In January 2019, the Standard Investment Bank (SIB) announced the launch of a new product dubbed Mansa X, that would have a 24 percent returns on investment.
The lender termed the product as “Kenya’s first and only CMA regulated Online Forex Trading Money Manager”. If genuine, the product is arguably the highest paying investment in the country for any money market product.
Currently, the benchmark lending rate for the Central Bank of Kenya (CBK) is 7%, while the average lending rate in the market is around 13 percent per anum. Any investment returning 24 percent seems to be the perfect investment, for any investor.
However, there seems to be some inconsistencies and red flags in Mansa X, SIB’s product, which seems to have several characteristics of a Ponzi scheme.
First, the scheme gives the hope of getting a whopping 24 percent return, when the market they claim to be investing in – offshore and currencies – are underperforming.
For instance, the Nikkei of Japan is down 5 percent, the Dow Jones of US down 13 percent and the FTSE of Europe down 19 percent. Where will Mansa X get these huge profits to return 24 percent to investors?
Also, Mansa X lacks the underlying assets that can pay the 24 percent return being promised to investors, in case the money markets fail. Among the asset classes they list include currencies, precious metals, commodities, cash and cash equivalents, derivatives, single stocks and stock indices.
They do not list even a single tangible asset in their name, which investors can use to recover their money in case the scheme goes down. This means that in case the scheme collapses, it will go down with the Ksh2.2 billion investors’ money that they hold now in form of assets under management.
Despite terming itself as the “first” online forex trading scheme, there existed similar schemes that promised similar returns to investors before collapsing, such as the Maalin Group.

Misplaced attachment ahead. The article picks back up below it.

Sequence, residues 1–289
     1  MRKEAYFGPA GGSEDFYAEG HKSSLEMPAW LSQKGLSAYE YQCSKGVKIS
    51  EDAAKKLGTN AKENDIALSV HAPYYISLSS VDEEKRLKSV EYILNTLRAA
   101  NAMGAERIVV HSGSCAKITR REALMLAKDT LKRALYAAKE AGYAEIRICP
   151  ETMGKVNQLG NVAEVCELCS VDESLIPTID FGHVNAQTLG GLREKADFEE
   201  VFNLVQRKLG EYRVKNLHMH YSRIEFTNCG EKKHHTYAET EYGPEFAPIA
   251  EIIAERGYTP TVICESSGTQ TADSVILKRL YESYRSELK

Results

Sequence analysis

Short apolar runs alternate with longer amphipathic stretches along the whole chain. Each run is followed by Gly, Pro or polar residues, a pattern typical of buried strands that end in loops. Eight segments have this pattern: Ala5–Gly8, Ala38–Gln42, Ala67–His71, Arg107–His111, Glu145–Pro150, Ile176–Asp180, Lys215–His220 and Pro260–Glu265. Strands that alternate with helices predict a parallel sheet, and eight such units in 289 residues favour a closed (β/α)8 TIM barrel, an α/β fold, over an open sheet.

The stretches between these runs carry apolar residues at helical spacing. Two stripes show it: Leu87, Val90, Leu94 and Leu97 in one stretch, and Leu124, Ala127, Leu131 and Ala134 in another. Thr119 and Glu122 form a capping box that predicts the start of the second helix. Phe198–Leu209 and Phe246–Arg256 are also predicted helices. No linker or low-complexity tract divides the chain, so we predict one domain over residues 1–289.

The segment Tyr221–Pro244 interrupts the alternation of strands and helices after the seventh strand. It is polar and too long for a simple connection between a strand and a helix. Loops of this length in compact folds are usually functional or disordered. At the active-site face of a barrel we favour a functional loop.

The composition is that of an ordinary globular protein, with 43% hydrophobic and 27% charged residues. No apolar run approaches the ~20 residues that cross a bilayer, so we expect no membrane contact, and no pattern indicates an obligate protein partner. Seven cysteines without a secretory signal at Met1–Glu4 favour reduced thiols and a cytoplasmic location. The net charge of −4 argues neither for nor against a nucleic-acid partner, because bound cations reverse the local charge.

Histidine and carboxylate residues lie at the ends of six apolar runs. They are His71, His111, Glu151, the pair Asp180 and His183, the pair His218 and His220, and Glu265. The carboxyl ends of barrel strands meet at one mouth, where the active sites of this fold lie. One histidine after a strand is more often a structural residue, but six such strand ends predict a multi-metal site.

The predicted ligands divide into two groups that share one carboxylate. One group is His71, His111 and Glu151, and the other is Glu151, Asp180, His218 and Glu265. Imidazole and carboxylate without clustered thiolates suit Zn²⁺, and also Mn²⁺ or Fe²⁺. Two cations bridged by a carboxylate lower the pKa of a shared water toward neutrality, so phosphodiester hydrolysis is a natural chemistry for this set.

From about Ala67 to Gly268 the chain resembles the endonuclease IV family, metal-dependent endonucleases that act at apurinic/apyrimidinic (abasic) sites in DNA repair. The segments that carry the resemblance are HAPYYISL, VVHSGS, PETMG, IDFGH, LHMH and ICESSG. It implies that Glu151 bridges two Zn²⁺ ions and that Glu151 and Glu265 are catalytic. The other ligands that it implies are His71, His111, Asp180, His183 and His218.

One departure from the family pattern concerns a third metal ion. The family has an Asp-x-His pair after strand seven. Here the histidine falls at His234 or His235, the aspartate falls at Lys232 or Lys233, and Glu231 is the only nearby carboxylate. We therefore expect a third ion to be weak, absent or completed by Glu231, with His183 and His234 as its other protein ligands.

Maalin Group billed itself as an Online Forex trading company regulated by the CMA, but disappeared with Ksh15 billion, which has never been recovered to date. Maalin Group CEO Abdalla Mohamed Ali dumped his car at the Jomo Kenyatta International Airport before fleeing the country.
Maalin had reportedly registered at least 600 members mostly from Dubai, Saudi Arabia, the US, Kenya, and Somalia. To join, investors were required to deposit at least Ksh2 million.
The company had operated in the country for over 8 years.
Mansa X even admits that “the possibility exists that you could sustain a loss of some of your initial investment”, meaning that in such instances you have no option other than accepting losses. Such time could be coming soon.
“The possibility exists that you could sustain a loss of some of your initial investment and past performance is never indicative of future results. Terms and conditions apply,” the firm says in its website.
The minimum one can invest with Mansa X is Ksh250,000, plus a management fees of 10 percent and 10 percent above the hurdle rate, in this case 24 percent. This is an indicator that the scheme could be targeting the middle income earners and the wealthy, who sometimes might not do a due diligence on a scheme before investing.
“All that investors are asking for is a list showing exactly where the funds are invested, an inquiry to SIB and CMA for a list of where MansaX invests so that we can recalculate the returns for ourselves went answered,” one of the investors told Kahawa Tungu.